This space has been a part of my children’s lives as much as it has been a part of mine. We’ve all had a role in it, shaped it, and it’s not just my daughter and son and husband. It’s also all of you who come to visit, and who cook alongside with me.

I’m celebrating my blog’s 8th anniversary, which in the blogging world is nearly ancient, but it also means that it’s as exciting as ever. And to celebrate, I turn to my roots, and to one of my kid’s favorite parts of their heritage: the kakanin.

Puto - steamed rice cakes from the Philippines - in a bamboo steamer.

A long time ago, I introduced to you their favorite form of kakanin, which is the umbrella term that is used to describe the delicacies made of glutenous rice. There are so many kinds, some using glutenous rice flour, others galapong, which is rice soaked in water then ground, as well as some that use the sticky rice, or malagkit, whole.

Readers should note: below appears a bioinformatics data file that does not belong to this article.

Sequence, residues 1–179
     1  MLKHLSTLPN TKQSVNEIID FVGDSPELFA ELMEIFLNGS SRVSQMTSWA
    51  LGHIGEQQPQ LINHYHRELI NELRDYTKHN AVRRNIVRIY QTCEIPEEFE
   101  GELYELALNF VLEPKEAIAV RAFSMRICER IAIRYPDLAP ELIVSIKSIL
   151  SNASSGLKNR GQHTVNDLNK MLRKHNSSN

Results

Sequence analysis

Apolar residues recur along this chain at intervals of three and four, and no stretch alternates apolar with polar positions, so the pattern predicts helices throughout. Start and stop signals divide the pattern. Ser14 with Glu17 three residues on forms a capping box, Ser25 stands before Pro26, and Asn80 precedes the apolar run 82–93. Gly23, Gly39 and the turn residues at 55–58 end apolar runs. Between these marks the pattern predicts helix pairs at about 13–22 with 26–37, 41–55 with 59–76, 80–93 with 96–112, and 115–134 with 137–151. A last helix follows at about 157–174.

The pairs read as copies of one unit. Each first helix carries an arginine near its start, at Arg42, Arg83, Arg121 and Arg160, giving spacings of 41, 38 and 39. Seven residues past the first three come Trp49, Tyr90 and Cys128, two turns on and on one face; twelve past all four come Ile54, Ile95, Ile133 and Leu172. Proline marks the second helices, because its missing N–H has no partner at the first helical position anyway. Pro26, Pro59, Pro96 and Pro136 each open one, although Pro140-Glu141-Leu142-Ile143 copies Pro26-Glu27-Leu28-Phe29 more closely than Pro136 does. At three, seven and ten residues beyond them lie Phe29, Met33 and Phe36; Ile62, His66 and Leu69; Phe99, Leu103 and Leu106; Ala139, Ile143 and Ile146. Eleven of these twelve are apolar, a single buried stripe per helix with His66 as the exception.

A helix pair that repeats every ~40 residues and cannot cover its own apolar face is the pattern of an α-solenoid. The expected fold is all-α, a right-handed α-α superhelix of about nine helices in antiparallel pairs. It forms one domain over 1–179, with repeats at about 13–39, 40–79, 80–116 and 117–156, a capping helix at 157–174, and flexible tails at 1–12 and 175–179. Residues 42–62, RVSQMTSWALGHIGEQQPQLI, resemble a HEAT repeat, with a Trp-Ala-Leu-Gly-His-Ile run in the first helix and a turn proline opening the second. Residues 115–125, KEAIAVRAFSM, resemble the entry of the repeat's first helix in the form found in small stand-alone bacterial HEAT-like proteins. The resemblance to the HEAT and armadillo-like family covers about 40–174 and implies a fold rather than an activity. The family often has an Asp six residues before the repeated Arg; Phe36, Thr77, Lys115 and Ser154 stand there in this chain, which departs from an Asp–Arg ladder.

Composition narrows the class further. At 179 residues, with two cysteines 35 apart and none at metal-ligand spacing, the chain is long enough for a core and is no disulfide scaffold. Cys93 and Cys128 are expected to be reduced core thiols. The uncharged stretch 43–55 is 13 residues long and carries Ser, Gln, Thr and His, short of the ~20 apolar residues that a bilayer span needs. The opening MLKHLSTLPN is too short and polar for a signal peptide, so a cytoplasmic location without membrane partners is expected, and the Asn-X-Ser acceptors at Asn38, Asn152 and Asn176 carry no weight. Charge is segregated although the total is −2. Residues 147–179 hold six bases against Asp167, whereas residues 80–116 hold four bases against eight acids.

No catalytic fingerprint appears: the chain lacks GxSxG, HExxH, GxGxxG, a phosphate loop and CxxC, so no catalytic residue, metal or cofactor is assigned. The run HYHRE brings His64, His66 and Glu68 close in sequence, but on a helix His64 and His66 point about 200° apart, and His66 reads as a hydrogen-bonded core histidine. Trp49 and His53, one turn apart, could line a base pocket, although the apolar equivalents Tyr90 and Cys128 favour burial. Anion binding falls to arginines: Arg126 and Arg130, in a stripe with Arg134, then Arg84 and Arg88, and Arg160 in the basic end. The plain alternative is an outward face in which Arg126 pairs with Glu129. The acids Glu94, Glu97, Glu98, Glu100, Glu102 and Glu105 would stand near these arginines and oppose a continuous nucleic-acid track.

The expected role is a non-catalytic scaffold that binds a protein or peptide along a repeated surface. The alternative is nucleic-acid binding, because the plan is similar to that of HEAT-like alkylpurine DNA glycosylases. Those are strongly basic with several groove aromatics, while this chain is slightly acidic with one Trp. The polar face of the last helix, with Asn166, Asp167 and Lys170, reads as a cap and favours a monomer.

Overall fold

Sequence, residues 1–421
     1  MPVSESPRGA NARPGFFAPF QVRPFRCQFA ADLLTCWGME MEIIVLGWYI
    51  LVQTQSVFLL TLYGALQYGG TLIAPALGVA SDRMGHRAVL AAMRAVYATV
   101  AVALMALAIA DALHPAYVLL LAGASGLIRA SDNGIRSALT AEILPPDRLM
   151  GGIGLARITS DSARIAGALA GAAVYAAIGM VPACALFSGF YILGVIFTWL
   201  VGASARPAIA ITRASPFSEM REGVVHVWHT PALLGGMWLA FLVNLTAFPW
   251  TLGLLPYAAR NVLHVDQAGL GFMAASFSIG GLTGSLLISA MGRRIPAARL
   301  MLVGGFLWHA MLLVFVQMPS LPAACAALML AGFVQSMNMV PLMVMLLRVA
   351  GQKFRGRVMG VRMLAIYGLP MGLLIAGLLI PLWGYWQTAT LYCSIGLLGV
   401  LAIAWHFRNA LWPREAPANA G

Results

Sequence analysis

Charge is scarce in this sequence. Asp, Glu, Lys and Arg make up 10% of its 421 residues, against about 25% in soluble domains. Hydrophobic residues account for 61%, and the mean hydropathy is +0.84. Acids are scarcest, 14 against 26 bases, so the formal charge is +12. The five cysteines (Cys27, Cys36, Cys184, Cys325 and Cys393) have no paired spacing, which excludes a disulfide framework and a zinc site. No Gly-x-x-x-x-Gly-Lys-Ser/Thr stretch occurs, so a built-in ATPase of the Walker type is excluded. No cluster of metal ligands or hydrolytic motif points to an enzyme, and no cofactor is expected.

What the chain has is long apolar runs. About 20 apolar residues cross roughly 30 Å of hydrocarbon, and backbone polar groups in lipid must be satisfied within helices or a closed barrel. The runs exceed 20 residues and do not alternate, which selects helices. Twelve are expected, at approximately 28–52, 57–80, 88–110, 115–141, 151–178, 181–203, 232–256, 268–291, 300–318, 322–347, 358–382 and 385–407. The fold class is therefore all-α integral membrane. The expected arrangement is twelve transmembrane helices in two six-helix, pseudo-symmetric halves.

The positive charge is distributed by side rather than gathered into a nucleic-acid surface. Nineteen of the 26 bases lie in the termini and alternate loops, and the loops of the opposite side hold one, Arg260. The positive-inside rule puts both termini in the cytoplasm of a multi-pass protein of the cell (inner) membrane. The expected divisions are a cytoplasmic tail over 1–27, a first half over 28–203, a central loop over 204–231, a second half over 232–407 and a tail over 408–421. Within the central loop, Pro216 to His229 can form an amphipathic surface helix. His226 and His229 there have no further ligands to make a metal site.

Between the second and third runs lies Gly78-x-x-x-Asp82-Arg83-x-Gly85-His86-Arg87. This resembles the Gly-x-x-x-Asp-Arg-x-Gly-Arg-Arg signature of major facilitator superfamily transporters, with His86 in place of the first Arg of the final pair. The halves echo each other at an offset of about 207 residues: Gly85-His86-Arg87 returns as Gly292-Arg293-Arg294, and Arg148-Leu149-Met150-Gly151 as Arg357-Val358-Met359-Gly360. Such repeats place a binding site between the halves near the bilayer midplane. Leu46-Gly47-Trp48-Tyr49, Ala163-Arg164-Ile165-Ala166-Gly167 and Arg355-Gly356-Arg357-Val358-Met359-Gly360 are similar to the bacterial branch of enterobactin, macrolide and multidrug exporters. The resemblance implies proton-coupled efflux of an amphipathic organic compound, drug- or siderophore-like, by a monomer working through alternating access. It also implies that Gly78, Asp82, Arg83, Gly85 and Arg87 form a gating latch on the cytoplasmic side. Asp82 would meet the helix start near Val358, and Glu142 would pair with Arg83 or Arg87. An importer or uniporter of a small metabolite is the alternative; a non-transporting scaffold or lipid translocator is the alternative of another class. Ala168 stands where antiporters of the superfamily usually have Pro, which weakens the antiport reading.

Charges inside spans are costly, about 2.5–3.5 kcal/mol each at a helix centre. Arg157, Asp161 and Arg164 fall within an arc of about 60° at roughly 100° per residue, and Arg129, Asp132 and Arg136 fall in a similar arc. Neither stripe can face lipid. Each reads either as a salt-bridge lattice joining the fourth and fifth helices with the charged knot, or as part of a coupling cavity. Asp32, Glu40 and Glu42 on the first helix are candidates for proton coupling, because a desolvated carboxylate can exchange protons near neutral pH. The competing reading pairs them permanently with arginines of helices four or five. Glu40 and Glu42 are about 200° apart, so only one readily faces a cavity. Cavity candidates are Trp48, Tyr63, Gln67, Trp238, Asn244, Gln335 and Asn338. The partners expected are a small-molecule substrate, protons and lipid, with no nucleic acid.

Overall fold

Puto is one of the most popular — and if I were to describe it to you, in the most simple terms, it’s like a muffin — or a cornbread muffin — but steamed, instead of baked. And as you would serve cornbread with a very savory chili, puto is the side of choice for the very savory dinuguan, which is a delicious (I promise!) stew made with pig’s blood, vinegar and spices.

But puto is very much enjoyed by itself, too, and found at many a Filipino fiesta, and so easy to make.

Traditionally, puto is made with the galapong version I mentioned, but growing up, any time I would ask aunts for their puto recipe, they would often make with the very non-Filipino Bisquick mix. I know, it’s surprising, but I’ve been trying to find other ways to make it, simply, but without the non-traditional pancake mix.